According to the promotional material, the music juxtaposes the harmonic sophistication and improvisational approach of jazz with the rhythmic complexity of modern rock and metal, resulting in a sound that is intense, yet dynamic, sensitive and spontaneous. Who writes this stuff?
Sad to report that the debut album by this British band does not quite live up to its billing, due in part to Sam Quintana’s search for a harmonic sophistication to add weight and nuance to his somewhat unremarkable compositions.
Samsara features an endless repetition of a simple piano figure which hammers the listener into submission, not the “journey of reinvention” we are promised. The Rush Begins and Tuco explore “themes of anxiety, anger and frustration”. What I was happy to hear on the former was a well-structured piece containing some sustained intensity and collective inspiration with a convincing Podraza piano solo, and some sustained blowing by the collective on Tuco.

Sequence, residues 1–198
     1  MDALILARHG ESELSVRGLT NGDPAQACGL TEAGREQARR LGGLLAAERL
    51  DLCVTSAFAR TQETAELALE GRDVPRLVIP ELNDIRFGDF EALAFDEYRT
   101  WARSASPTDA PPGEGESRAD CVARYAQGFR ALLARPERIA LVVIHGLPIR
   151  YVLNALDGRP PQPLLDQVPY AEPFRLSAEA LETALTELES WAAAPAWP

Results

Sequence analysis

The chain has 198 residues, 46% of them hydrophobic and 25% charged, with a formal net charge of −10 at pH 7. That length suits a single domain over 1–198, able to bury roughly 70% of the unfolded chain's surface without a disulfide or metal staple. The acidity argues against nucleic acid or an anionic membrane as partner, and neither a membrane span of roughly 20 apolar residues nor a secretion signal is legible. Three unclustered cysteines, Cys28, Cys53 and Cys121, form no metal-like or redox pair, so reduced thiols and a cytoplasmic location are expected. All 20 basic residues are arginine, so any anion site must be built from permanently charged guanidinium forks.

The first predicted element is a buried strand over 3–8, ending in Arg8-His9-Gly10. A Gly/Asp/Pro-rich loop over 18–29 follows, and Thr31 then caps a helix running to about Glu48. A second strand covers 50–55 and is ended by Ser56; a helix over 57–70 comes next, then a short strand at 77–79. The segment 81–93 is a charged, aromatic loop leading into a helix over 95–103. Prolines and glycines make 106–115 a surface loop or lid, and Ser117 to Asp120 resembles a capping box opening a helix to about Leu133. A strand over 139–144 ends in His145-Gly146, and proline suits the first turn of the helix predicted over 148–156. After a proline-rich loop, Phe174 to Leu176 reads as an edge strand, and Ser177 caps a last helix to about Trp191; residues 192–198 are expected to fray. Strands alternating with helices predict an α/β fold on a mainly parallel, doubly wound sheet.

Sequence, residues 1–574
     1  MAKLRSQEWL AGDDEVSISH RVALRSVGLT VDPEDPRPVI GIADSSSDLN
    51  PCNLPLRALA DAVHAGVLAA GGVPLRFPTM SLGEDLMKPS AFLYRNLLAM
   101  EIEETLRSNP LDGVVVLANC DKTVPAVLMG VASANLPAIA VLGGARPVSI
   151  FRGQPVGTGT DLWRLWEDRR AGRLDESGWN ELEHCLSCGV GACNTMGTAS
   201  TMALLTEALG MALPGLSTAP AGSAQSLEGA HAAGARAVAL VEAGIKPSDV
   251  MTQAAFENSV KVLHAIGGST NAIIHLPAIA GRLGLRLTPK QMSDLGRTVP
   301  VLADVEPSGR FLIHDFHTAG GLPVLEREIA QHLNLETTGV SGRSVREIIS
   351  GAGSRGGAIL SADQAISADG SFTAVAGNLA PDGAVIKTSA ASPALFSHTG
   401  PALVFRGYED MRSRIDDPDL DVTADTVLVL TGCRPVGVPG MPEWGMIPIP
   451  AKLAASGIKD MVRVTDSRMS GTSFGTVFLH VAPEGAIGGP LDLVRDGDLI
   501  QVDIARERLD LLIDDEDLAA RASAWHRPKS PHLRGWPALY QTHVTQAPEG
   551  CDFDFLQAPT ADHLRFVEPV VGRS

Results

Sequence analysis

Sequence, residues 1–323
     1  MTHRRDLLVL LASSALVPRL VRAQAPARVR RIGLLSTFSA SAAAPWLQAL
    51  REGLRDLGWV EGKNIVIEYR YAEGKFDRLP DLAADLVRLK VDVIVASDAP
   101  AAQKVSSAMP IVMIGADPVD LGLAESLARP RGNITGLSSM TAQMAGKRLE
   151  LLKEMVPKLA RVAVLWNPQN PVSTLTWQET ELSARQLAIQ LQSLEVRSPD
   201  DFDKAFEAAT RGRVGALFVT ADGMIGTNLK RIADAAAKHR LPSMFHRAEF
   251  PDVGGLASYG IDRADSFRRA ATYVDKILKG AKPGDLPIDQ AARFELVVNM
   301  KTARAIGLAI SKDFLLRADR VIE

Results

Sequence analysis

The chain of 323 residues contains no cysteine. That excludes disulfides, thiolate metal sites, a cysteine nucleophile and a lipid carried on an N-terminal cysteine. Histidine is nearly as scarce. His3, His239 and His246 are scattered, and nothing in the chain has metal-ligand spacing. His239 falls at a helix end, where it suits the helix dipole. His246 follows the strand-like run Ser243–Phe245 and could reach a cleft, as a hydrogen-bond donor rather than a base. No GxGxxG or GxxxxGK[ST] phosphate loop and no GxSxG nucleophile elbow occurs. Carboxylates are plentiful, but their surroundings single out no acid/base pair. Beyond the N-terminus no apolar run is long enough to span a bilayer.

Sweetheart Emöke and Happy Place – pieces intended to be “gentler and more reflective” and exploring themes of grief, loss and nostalgia, all suffer from a lack of musical direction and oxygen to maintain the pulse. The dirge-like leaden quality of Sweetheart, if not suggestive of loss, is certainly weighed down by a ponderous guitar solo, as are Emöke and Happy Place by composition and a plodding rhythm.
Samsara; The Rush Begins; Sweetheart; Emöke; Tuco; Happy Place (42.11)
Quintana (b); Ben Powling (ts); Calvin Travers (elg); Aleks Podraza (p, Rhodes, org); Tom Higham (d), Leeds, 2019.
Ubuntu Music UBU0023